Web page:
These fifty-five minutes shot inside the house - chiefly the living room - are remarkable for some facts. The set is small, so it takes a constant change of camera angles and positions to keep the flow intact (in this aspect similar to Sidney Lumet's classic courtroom drama, 12 Angry Men). The moderate long shots used by Kurosawa capture both Gondo's dilemma and the reactions of his family, Aoki and the cops. The limited space of the setting radiates a sense of claustrophobia that is heightened by the troubling matters pressing upon the protagonist. By a simple placement of the persons within the room, the director achieves a sense of moral distance between Gondo and the others. This is further established with the sparse furnishings of the room, and more importantly, silent dissent: while Gondo tries in vain to justify his decision, the others turn their back towards him and hang their faces down. The silence depicts a deeper sense of disagreement on moral terms than dialogue could have. The policemen are different in their characterisations - a lesser director may have sketched them with a similar brush - Tokura's apparently grudging sympathy is contrasted by the visibly cold disapproval of Taguchi (or Bos'n, as he is affectionately called). Gondo's urgency is deepened by one small reaction: that of Jun, his son. Even if he can silence his own conscience, he just cannot overlook how Jun is anxious to see his friend and holds himself responsible for Shinichi's plight. Aoki's reactions are constantly evolving: his initial silent resignation to fate gives way to a desperate request to his employer. Morning finds him apologising for the excessive burden he demanded of Gondo the night before, then he uncontrollably breaks down into sobs realising his utter helplessness. Mifune's iconic angry expression conveys the violent upheaval inside Gondo: which erupts only for a brief moment when he goes to take a shower, hiding his turbulent inner passions from others. His dilemma is underlined in the impatient way in which he walks and sits throughout the evening. When turning Aoki's request down, he turns towards the drawn curtains. The light behind casts his shadow just face-to-face: as if he were asking his shadow for some solace. The variety and gradual evolution in mindscapes reveal the underlying human crisis effectively. In a very memorable scene, Gondo volunteers the cops in planting detection devices into the briefcases to be used for the barter. He requests his wife to bring his old tool-kit (with which he started as a shoemaking apprentice). Then mumbling to himself "it feels as if I am already starting over", he starts with the job. Awestruck and reverent, everyone in the room silently stands up as they witness the proud self-made millionaire humbly get back to his roots. It's a little snippet of cinematic expression; but one that exposes the humane, emotional side of people who find themselves coping with severe circumstances. It is through small scenes like this that Kurosawa reveals his lifelong pre-occupation in connecting with the conscience and hearts of men and women: his characters and his viewers.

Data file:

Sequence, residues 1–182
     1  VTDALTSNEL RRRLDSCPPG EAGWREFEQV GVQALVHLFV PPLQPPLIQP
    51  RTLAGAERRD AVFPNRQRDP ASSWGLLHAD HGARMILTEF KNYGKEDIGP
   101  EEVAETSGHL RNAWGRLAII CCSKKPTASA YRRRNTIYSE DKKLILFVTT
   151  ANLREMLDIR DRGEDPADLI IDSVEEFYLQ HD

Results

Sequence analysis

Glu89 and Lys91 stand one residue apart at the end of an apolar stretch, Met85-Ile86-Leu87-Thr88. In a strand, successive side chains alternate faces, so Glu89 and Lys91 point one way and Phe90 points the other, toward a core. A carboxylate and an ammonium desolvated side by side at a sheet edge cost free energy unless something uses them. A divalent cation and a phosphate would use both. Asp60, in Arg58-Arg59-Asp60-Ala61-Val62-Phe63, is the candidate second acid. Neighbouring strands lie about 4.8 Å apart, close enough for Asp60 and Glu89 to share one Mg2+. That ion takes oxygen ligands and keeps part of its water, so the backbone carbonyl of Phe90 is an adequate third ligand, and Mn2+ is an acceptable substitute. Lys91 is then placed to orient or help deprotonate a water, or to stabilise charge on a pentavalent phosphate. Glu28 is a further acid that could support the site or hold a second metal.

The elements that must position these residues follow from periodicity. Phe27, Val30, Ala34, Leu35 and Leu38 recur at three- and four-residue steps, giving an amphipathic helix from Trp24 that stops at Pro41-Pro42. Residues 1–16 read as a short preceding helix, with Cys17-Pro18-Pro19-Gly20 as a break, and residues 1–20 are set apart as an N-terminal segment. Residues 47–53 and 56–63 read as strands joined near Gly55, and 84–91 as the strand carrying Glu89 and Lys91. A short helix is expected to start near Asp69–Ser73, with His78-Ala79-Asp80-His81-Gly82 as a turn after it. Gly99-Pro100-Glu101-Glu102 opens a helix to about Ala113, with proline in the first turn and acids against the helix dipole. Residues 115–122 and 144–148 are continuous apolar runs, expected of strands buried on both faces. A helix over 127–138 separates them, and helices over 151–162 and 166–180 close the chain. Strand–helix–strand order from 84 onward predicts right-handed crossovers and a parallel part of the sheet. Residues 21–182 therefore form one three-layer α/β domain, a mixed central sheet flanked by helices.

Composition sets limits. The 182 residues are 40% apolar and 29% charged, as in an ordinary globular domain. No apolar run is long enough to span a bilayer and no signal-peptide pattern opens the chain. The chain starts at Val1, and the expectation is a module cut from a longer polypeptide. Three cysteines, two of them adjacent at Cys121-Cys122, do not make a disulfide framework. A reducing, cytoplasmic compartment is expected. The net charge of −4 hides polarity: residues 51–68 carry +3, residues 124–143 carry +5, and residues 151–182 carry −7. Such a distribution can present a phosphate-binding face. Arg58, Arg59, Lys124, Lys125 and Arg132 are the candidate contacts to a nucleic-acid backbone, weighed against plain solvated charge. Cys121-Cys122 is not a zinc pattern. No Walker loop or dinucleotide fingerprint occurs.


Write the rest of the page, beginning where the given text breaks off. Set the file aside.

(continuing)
If the first fifty-five minutes center around the "high" half of the story, the other half plunges straight into Yokohama's "low". Connecting these two halves is the train sequence: the exchange. Racily shot (proof for anyone who thinks otherwise that Kurosawa could master fast-paced filmmaking with quick editing and unconventional camera techniques), its highlight is a moment that does not stand out at first glance. Disguised as a civilian passenger, the youngest of the four cops dozes off for a while in the soothing comfort of a luxury train inspite of his better sense, underlining how a grave situation often drives people with very human limitations to assume superhuman responsibilities. He has had not much sleep for almost two days, yet his job demands alert vigilance.